Intermolecular Forces

download report

Transcript Intermolecular Forces

Intermolecular Forces
Corresponds to “Short Notes on Intermolecular Forces Worksheet”
Classifying the molecule
 First classify the molecule:
 Ionic (M+NM) or Covalent (NM +NM)
 Polar or NonPolar for Covalent Molecules
 Then determine the force of attraction:
 Electrostatic Forces – ionic compounds
 Hydrogen Bonding – H bonded to O, N, or F
 Dipole-Dipole Forces – Polar covalent molecules
 London Dispersion Forces (LDF) – NonPolar covalent
Question 1: What is the force of attraction
between molecules of the following substances?
a) PCl3 – polar covalent compound; therefore dipole-dipole forces
b) NiCl2 – ionic compound - Ni2+ and Cl-; therefore electrostatic forces
c) I2 – nonpolar covalent compound; LDF
d) HF – covalent compound; H is bound to F therefore Hydrogen
HCl – covalent compound; H is bonded to Cl therefore dipole-dipole
CH2O – covalent compound with both H’s and O bonded to Carbon.
NOT Hydrogen bonding because C is bonded to O. However, it does
have dipole-dipole forces
H3PO4 – covalent molecule where the H is bonded to the O; therefore
Hydrogen Bonding
BF3 – covalent compound, trigonal planar with the molecules same on
the all side making the molecule nonpolar; therefore LDF
Ranking the Strength of Intermolecular Forces
 In general:
H bonding
dipole-dipole forces
2. Rank the strength of the following compounds
from strongest to weakest: PCl3, NiCl2, I2, HF
NiCl2 > HF > PCl3 > I2
NiCl2 is an ionic compound with electrostatic forces; therefore
it is the strongest
HF – hydrogen bonds (2nd strongest)
PCl3 – dipole-dipole forces
I2 – LDF (weakest)
Compounds can be ranked within the category of
Electrostatic Forces:
 Compounds made of ions with higher charges will
be STRONGER than ions with lower charges.
 Smaller ions are STRONGER than larger ions.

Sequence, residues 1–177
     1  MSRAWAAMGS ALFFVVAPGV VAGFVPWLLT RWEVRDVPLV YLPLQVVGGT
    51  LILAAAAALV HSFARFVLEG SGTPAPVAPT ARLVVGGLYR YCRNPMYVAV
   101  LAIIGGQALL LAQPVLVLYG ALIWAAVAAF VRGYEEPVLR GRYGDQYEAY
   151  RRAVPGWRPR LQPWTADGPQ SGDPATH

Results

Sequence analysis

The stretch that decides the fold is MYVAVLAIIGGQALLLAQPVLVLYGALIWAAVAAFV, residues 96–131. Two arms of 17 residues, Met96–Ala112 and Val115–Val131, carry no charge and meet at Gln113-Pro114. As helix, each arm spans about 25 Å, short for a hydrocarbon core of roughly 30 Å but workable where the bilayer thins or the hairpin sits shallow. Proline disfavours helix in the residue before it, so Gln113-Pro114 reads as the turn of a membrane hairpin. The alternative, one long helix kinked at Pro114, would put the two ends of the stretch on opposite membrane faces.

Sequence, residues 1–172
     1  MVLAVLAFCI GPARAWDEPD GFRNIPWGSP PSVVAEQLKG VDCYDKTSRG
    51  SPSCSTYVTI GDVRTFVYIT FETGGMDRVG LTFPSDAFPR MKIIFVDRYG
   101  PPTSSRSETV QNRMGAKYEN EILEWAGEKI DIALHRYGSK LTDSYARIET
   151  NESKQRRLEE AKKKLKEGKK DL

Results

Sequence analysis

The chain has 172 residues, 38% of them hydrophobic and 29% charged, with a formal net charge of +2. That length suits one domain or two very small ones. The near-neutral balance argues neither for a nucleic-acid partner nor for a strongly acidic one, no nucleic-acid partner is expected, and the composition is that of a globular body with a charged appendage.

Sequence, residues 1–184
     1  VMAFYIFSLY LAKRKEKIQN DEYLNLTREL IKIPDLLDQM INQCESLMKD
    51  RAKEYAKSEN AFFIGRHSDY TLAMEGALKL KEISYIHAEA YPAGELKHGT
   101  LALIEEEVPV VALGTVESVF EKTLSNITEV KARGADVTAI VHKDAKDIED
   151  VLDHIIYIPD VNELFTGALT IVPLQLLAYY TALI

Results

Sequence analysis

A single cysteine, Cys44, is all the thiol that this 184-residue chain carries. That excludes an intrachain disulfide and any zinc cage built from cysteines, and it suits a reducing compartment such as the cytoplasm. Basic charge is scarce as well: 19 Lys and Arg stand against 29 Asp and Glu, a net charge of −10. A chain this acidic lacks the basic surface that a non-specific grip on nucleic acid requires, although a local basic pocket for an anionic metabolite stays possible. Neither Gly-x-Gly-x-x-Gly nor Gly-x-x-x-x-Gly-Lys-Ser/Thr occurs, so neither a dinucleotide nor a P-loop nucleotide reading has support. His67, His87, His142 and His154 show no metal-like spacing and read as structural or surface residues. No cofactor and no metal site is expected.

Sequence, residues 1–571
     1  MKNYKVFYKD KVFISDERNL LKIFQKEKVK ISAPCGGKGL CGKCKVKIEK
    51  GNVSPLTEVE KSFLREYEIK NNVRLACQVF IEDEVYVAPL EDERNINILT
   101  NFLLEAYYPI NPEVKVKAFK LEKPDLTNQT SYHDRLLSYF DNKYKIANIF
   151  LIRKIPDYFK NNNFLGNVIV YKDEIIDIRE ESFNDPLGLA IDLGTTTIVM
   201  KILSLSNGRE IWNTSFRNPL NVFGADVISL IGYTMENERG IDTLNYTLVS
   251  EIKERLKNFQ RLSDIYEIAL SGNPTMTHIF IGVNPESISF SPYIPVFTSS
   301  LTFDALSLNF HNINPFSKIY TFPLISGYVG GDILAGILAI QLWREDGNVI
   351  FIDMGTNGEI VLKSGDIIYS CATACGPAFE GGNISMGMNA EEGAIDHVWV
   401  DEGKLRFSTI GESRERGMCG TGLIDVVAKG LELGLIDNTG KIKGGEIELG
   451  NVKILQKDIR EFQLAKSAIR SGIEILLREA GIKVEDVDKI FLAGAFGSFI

Ions become larger as you go down the group
3. Rank the following ionic compounds according to the strength of their
electrostatic forces of attraction: NiCl2, Fe2O3, MgO, KI, BeF2, CrCl3
Fe2O3 > MgO > CrCl3 > BeF2 >NiCl2 > KI
 First, look at the charges that make up the compounds.
Fe3+, O2Mg2+, O2Cr3+, ClBe2+, FNi2+, ClK+, I-
 Then notice that MgO is greater than CrCl3 even though +3 > +2.
 Also, notice that NiCl2 and BeF2 have the same charges; therefore you look at
the size. Be and F are in the second period which makes them smaller than Mg
and O (3rd and 4th period). The smaller ions have stronger forces.
Compounds can be ranked within the category of
London Dispersion Forces:
 These forces are due to a temporary dipole; therefore
the molecules with bigger electron clouds will more
easily and more greatly perturbed.
 The number of electrons is related to the number of
protons, which is related to molar mass.
 Nonpolar compounds with higher molar masses will
have STRONGER London Dispersion Forces.
4. Rank the following from strongest to weakest
intermolecular forces: Cl2, CH4, BF3, SCl2, CO2
SCl2 > Cl2 > BF3 > CO2 > CH4
 All of the molecules are nonpolar except SCl2 which
has dipole-dipole forces of attraction.
 Rank the others in order of Molar Mass.
Cl2  70.91 g/mol
BF3  67.81 g/mol
CO2  44.01 g/mol
CH4  16.05 g/mol
Ranking Physical Properties
 Predictions about various physical properties can be
made based on the strength of the intermolecular
Melting Point
Boiling Point
Vapor Pressure of Pure Substances
Viscosity and Surface Tension
 Forces between the solvent and the solute must
overcome the solute-solute and solvent-solvent
forces. Most effective if forces are similar
“Like dissolves like.”
Example: Polar molecules can dissolve into polar solvent.
 Example: Nonpolar molecules can dissolve into nonpolar solvent.
 Determine solubility of ionic compounds from the
solubility rules in book/reference sheet.
 Water is most common solvent. It is polar.
5. Which of the following compounds are likely to
dissolve in water?
a) SCl2 – polar molecule; therefore YES dissolves in water